This is the second in a new series of monthly dispatches from Solitary Watch.
It isn’t uncommon to hear people who have traditionally been excluded from the public discourse—and who, more broadly, lack political and economic power and visibility—described as “voiceless.”
This vast group of Americans includes individuals and entire communities who are people of color, are migrants, have disabilities, live in poverty, or are unhoused, among others.
For us at Solitary Watch, it most often means people who are incarcerated, have been incarcerated, have loved ones behind bars, or have otherwise been directly affected by the ruthless punishment system that touches—and damages—so many millions of American lives. It especially means people in solitary confinement, who live buried in concrete and steel.
Jesse Wilson, one of the hundreds of people who have written for our Voices from Solitary series, described the feeling of voicelessness in a 2012 essay, “Loneliness Is a Destroyer of Humanity,” written from inside the notorious federal supermax, ADX Florence.
“I refuse to embrace the solitude. This is not normal. I’m not a monster and do not deserve to live in a concrete box. I am a man who has made mistakes, true. But I do not deserve to spend the rest of my life locked in a cage—what purpose does that serve?… Our country has thousands of its people confined to concrete cages. Years pass, lives pass. The suffering does not…And we the inmates are voiceless. Our voices are not heard. If they are heard, they are thought of as lies.”
Wilson illuminates the true meaning of voicelessness in our society: a failure not of expression, but of reception. What most people in solitary lack is not a voice or a will to be heard, but rather a way of transmitting their words to the world outside their cells, and a conviction that anyone is listening.
Like trees falling in the forest, human voices need to be heard—and amplified, and believed—in order to achieve their full meaning and power and resonance. Part of the base cruelty of solitary confinement lies in its determination to silence thousands of voices by means of isolation.
But this mass silencing does not go unchallenged. In our experience, people in solitary are eager, and often desperate, to share their words, and to own them—so much so that they will overcome myriad practical obstacles and risk retaliation from prison staff to see their writing published.
Increasingly, their courage is being met on the outside by organizations and publications dedicated to amplifying their voices. Solitary Watch has been doing so since our founding more than 12 years ago. More recently, others—including Empowerment Avenue, Minutes Before Six, and the Prison Journalism Project—have also made it their mission to welcome, nurture, and publish incarcerated writers.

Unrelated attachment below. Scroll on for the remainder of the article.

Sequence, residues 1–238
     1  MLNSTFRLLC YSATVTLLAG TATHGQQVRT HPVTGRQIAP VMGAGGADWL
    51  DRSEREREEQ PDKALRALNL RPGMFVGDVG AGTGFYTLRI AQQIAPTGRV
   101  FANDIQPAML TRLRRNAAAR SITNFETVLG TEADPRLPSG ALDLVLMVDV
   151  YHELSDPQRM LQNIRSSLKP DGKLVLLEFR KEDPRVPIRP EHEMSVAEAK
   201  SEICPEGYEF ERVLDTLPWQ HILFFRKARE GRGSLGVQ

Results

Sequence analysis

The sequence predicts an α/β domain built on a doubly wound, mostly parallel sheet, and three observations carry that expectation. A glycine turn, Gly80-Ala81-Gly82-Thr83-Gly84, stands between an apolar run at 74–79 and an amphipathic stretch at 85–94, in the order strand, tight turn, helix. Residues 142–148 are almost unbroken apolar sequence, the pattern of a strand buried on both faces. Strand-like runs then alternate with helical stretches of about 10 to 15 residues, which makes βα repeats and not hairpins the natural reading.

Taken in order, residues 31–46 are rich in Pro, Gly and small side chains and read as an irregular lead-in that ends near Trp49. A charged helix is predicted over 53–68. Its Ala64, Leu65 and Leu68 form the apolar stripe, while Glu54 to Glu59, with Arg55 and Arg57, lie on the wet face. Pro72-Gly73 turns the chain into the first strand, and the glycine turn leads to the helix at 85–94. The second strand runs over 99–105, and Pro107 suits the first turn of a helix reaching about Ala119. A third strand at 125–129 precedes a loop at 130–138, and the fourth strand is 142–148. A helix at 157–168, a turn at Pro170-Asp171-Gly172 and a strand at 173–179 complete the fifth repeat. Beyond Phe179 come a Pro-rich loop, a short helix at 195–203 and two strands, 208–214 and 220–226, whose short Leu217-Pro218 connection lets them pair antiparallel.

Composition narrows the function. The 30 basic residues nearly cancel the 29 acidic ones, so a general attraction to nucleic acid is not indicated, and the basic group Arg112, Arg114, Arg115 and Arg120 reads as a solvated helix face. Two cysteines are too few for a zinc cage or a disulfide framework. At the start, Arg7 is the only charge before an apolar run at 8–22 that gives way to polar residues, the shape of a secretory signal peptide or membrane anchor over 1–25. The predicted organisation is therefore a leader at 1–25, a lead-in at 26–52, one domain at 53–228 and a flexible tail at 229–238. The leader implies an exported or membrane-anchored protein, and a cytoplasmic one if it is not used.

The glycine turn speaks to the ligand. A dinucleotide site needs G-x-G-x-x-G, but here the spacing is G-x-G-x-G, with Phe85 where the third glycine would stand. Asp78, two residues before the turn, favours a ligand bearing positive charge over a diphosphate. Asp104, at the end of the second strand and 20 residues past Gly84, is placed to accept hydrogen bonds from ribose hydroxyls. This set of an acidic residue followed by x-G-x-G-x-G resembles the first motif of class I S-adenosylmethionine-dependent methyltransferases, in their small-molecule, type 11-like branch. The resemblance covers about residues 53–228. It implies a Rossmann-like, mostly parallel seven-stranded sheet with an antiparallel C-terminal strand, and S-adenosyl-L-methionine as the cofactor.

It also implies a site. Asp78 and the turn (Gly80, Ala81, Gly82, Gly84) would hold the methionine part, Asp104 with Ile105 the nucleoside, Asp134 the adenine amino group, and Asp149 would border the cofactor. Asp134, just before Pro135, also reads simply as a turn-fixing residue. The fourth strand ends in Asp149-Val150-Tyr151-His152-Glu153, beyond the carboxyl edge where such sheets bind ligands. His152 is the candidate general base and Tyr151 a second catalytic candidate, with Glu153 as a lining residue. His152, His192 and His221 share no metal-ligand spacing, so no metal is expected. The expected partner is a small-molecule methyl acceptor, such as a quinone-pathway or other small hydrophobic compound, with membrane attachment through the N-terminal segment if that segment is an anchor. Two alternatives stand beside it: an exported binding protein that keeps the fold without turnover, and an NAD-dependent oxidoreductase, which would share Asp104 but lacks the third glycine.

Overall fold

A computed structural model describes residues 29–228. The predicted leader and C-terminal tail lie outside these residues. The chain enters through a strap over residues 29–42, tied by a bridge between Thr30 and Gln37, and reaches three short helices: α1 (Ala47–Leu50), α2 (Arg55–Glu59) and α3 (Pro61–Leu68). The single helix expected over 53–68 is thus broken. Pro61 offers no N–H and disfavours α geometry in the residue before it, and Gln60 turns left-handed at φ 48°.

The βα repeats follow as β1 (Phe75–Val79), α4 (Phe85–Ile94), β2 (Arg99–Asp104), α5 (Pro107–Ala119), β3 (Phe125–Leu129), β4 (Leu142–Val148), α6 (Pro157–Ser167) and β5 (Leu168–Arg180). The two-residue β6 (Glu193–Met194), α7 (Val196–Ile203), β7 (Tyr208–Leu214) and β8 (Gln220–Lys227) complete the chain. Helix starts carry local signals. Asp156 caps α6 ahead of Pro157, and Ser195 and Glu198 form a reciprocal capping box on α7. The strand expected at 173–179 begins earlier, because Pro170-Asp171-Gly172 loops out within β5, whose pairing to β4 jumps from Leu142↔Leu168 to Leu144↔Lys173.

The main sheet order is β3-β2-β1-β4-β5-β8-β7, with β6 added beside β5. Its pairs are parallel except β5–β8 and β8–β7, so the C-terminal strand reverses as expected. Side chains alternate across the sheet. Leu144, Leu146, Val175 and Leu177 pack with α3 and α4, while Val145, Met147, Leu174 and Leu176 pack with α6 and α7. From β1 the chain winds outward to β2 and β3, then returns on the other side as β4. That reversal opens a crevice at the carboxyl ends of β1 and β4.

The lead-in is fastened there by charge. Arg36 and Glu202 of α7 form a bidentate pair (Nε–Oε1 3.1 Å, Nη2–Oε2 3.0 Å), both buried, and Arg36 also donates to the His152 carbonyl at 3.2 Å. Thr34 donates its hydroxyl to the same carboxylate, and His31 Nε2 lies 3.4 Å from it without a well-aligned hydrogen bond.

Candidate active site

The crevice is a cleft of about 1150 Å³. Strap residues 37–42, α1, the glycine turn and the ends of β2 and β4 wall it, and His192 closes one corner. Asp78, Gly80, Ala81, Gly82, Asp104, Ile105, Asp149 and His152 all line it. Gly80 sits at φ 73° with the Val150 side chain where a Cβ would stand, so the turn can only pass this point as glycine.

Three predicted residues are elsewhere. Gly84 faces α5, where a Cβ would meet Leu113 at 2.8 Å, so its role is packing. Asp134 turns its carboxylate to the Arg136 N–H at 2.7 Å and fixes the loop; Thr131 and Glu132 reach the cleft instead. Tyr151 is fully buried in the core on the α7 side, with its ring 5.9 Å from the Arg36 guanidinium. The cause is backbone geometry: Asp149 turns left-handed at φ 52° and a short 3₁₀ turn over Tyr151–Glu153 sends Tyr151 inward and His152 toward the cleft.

What’s needed to complete the circuit is a similar growth among the people who are heeding these voices and reading these words—in newsrooms, in statehouses, and among the public. If you would like to support Solitary Watch in pursuing this goal, please read on. Most of all, please keep listening.
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Our late founder, James Ridgeway (1936-2021), whose memorial service took place recently (quite appropriately, on May Day), was at the heart of Solitary Watch’s dedication to the voices of incarcerated people—as sources, as writers, and most recently, as journalists reporting from inside prison walls. After Jim’s unexpected passing, Solitary Watch created the James Ridgeway Memorial Fund for Incarcerated Journalists, which is being overseen by our first incarcerated staff member, Contributing Writer Juan Moreno Haines.
To support this work, which was so close to Jim’s heart, please consider donating to the fund.
To make an online donation, please go to solitarywatch.org/donations and designate your donation for the Ridgeway Memorial Fund. To donate by check, please make your check payable to Social & Environmental Entrepreneurs and indicate “Solitary Watch/Ridgeway Fund” in the memo. Send to: SEE, 23564 Calabasas Road, Suite 201, Calabasas, CA 91302. All donations are fully tax-deductible through Solitary Watch’s 501c3 nonprofit fiscal sponsor, Social & Environmental Entrepreneurs. Thank you for your caring and generosity.
This is the second in a new series of monthly dispatches from Solitary Watch. Subscribe to receive our monthly and weekly emails.